It is that time of the year when flu strikes. How To Sanitize & Disinfect Your Home After Flu? This season, it’s the novel coronavirus or Covid-19, not very different from flu but without a cure or a vaccine to blunt its spread. The globe is witnessing the worst of it. It is killing people in the thousands even as it infects several thousands more. But, God willing, even this will pass! And then, it will be time to disinfect the house and clean-up, after the flu!
How To Sanitize & Disinfect Your Home After Flu? Real work begins after the flu – sanitize, disinfect. Only then will work finish. The most essential is cleaning. A must stop the germs – viruses — from continuing to infect any number of other people. Those who unknowingly or inadvertently come in contact or walk into your virus-infested house.
The house. The office. The flu virus spares none and nothing. Cleaning and disinfecting involve identifying surfaces and appliances and other household items that should be cleaned, the ones which have to be disinfected after the flu, so to speak, no matter what. Also, is there a particular way to clean surfaces and household items?
Apparently, there are experts to whom you can turn to. Spree-cleaning or binge cleaning, the whole house in one go, is not recommended. The flu-struck normally take it easy. But even these people should look at the reality. There are certain spaces in the house that need cleaning and disinfection posthaste after the flu-like shared items and surfaces in the bedroom and the kitchen and bathroom.
Focus on these spaces. Clean and disinfect all shared areas and surfaces. Try to recall and retrace where all the flu-struck family member(s) must have gone, which all household items and appliances he/she must have touched or leaned on? Disinfect, for example, countertops, refrigerator handles, faucets, bathroom cabinets, toilet seats et al.
Add to these TV remotes and broom handles and bedsteads. They are all germ-breeders, essential to be cleaned and disinfected, definitely after the flu. The reality is the flu virus can survive on such items and surfaces for over 48 hours. Disinfecting tabletops, remote controls, doorknobs, and light switches are mandatory to stop the flu from relapsing.
What else? The flu-hit spend lots of time in bed. Therefore, it is essential to disinfect bed-sheets, pillowcases, and mattresses. Also mobile phones and tablets/laptops. They are all breeding grounds for germs and viruses. Electronic gizmos that kept the flu-hit in bed ought to be cleaned and disinfected.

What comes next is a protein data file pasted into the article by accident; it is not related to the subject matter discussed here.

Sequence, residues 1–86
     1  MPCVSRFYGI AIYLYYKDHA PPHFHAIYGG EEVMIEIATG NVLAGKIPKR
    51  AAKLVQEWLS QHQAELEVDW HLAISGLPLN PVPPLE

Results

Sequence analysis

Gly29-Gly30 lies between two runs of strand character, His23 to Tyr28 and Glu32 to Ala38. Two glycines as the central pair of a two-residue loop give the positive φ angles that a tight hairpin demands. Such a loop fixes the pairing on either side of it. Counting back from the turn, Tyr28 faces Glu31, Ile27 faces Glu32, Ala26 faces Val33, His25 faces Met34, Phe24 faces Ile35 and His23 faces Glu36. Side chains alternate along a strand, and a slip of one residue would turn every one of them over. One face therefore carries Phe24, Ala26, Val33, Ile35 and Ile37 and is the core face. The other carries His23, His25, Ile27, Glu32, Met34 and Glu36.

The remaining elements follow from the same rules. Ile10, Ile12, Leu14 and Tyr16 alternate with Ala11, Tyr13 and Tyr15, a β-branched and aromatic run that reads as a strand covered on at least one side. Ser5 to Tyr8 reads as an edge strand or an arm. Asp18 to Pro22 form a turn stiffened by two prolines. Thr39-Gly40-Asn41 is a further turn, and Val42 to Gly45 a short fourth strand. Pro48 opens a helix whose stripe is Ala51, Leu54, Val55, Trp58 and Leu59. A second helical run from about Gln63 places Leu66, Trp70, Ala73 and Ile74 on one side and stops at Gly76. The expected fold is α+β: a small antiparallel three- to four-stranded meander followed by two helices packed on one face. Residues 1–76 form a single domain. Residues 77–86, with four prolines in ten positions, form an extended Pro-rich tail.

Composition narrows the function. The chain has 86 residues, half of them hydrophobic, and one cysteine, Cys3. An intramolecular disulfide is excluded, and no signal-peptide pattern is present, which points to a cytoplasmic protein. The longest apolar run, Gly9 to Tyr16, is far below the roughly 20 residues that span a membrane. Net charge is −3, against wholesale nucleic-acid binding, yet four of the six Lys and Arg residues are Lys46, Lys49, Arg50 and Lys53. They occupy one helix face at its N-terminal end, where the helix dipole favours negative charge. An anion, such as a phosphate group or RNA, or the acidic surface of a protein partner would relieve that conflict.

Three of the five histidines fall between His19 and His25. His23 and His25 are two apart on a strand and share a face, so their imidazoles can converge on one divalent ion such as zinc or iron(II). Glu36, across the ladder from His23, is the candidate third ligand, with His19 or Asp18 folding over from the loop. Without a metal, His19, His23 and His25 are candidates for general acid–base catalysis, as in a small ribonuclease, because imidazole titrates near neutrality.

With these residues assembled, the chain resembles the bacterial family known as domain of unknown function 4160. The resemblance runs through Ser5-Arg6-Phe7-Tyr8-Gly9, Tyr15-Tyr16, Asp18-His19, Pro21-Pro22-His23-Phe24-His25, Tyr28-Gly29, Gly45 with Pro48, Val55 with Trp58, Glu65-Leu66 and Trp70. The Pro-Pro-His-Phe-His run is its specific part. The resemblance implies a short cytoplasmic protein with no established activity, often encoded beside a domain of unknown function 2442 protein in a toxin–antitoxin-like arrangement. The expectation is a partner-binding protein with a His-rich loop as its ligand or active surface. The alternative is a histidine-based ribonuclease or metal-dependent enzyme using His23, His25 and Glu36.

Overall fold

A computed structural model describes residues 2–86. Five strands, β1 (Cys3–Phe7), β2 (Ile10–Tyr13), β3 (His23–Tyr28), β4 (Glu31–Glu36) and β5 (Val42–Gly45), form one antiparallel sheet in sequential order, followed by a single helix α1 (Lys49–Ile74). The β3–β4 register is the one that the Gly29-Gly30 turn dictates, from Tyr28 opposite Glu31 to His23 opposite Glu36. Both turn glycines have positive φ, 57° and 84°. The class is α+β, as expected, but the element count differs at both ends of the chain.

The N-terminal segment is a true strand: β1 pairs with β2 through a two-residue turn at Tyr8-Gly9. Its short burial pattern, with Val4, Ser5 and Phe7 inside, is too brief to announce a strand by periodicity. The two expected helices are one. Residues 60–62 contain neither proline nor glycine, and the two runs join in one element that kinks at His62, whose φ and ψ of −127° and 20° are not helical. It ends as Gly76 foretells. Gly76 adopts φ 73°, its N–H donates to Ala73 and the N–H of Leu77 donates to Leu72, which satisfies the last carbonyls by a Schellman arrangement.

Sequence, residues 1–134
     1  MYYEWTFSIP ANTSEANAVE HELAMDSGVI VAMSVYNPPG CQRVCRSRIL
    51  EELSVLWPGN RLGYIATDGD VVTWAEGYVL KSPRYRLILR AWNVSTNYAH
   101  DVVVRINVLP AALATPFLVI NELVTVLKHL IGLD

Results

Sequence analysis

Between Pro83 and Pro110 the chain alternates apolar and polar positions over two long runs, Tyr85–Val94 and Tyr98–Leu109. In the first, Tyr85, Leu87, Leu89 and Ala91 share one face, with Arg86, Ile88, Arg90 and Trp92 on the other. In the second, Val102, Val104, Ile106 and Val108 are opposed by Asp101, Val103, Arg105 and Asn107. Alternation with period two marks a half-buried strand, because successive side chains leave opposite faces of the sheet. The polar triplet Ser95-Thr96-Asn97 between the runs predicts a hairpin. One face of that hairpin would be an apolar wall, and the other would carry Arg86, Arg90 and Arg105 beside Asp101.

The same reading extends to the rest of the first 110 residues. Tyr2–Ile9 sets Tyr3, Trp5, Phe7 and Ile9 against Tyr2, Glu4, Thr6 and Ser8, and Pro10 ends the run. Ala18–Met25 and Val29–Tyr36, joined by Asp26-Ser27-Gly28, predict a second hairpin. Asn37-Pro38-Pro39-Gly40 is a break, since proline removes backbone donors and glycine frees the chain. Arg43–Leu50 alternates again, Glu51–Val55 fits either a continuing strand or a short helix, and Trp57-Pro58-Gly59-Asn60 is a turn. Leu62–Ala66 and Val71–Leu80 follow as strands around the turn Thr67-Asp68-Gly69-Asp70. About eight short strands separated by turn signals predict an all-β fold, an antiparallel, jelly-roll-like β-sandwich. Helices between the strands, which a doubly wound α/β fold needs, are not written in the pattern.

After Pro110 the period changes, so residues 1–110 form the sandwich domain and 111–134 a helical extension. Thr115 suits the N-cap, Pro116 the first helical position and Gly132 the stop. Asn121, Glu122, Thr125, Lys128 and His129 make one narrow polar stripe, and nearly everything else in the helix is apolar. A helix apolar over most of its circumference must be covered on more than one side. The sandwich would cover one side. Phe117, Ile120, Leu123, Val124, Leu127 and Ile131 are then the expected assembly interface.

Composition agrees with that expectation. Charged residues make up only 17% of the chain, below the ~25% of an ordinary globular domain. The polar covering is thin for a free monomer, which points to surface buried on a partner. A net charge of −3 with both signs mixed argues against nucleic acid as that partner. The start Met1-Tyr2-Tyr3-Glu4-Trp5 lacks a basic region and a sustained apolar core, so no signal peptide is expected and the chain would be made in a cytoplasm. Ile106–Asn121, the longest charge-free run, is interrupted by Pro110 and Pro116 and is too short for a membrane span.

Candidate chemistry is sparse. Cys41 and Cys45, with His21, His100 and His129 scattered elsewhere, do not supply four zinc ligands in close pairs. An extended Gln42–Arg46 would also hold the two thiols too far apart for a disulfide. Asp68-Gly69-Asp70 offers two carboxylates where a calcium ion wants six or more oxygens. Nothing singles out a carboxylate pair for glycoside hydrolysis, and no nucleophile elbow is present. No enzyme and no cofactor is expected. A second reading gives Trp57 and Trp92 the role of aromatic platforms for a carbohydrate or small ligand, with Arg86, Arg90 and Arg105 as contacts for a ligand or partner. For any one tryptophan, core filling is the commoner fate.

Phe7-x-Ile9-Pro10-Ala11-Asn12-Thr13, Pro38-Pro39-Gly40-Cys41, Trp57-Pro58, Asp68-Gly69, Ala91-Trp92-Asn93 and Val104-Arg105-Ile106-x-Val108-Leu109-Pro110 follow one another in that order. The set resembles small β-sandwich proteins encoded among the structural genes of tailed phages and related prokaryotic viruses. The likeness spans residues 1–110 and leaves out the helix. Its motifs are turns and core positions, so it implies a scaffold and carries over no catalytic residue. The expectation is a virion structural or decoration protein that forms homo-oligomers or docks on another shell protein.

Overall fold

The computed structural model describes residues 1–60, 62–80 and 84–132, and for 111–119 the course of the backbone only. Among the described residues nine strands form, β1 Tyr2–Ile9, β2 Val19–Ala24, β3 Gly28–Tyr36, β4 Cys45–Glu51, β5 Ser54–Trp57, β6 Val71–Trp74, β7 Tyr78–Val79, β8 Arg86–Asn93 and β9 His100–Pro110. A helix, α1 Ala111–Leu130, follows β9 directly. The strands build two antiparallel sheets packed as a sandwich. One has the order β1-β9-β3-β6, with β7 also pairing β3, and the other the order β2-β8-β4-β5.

And “after the flu” does not mean you stop washing hands time and again with soap and hot water; rub the hands with alcohol-based hand rub/sanitizers. Keep at it till as long you can, it hardly takes much time. And as far as habits go, this one is very good, must be encouraged.
There is also the question: When to start cleaning and disinfecting? The answer to that in two words is “don’t delay”. Start even as someone, family or friend, who frequents the house every so often, gets the flu. Don’t wait for him or her to get well. Keep cleaning and disinfecting, day after day, even hour after hour!
Don’t wait for the weekly cleaning day, says the expert. But if that is not being followed, make sure that action starts as soon as the symptoms weaken. Then it is time to send the sheets and curtains and blankets to the laundry.
Which brings us to the next query: What all cleaning products should be used to clean and disinfect and sanitize after the flu? Let’s not forget that choosing the most effective product is germane to the job. Experts are one in agreement that preventing the flu from going berserk is “serious business”.
Care must be taken to ensure that only registered disinfectants are used. The ones that are government and industry-recommended. Those that target specific flu viruses. Bathrooms can be cleaned with bleach mixed with water. Make sure to wipe all toilet surfaces – faucets, sinks, and counters.
Wash the clothes worn by the sick person and his bedding with a laundry sanitizer. They are far superior to regular detergents. They kill viruses once and for all, leaving none alive. The key is to not leave any surface unwiped. Bacteria and viruses find a home to breeding on any and every surface. From countertops to tabletops to kitchen counters to light switches, doorknobs, refrigerator handles… The one advice every expert stresses is that surfaces remain wet after they are wiped for at least 15 seconds.
In conclusion, it is imperative to clean-up and disinfects the house after the flu, especially after the coronavirus, if and when Covid-19 is banished from our lives. Ill people living under a roof in close proximity with near and dear ones is hardly enjoyable. But after the illness passes, it’s best to remove all traces of the viruses that brought the flu into the house in the first place. This can be done only with vigorous and rigorous disinfecting.